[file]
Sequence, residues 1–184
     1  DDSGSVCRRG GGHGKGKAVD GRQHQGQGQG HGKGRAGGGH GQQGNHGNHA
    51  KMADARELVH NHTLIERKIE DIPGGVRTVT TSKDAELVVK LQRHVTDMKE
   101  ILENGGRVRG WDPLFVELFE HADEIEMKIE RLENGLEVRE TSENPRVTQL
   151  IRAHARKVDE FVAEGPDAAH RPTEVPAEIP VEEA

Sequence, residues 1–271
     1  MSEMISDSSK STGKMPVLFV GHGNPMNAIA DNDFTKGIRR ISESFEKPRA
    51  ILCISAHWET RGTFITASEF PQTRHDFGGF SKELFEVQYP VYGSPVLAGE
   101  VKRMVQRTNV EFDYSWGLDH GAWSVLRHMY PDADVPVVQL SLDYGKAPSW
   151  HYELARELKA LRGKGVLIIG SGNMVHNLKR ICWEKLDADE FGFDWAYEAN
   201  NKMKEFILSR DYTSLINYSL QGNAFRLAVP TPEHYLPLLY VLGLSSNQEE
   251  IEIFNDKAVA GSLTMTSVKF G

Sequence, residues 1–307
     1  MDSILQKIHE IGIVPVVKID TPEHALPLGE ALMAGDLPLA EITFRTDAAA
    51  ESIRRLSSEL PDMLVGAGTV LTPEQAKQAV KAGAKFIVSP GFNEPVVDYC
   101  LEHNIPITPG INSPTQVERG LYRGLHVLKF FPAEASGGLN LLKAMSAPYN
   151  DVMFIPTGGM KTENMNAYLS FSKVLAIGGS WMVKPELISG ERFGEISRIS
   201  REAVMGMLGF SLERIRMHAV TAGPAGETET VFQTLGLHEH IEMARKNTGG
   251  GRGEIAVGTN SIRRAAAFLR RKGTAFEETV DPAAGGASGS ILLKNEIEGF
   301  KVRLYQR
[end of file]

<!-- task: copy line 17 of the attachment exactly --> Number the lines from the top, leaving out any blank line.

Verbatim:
   151  DVMFIPTGGM KTENMNAYLS FSKVLAIGGS WMVKPELISG ERFGEISRIS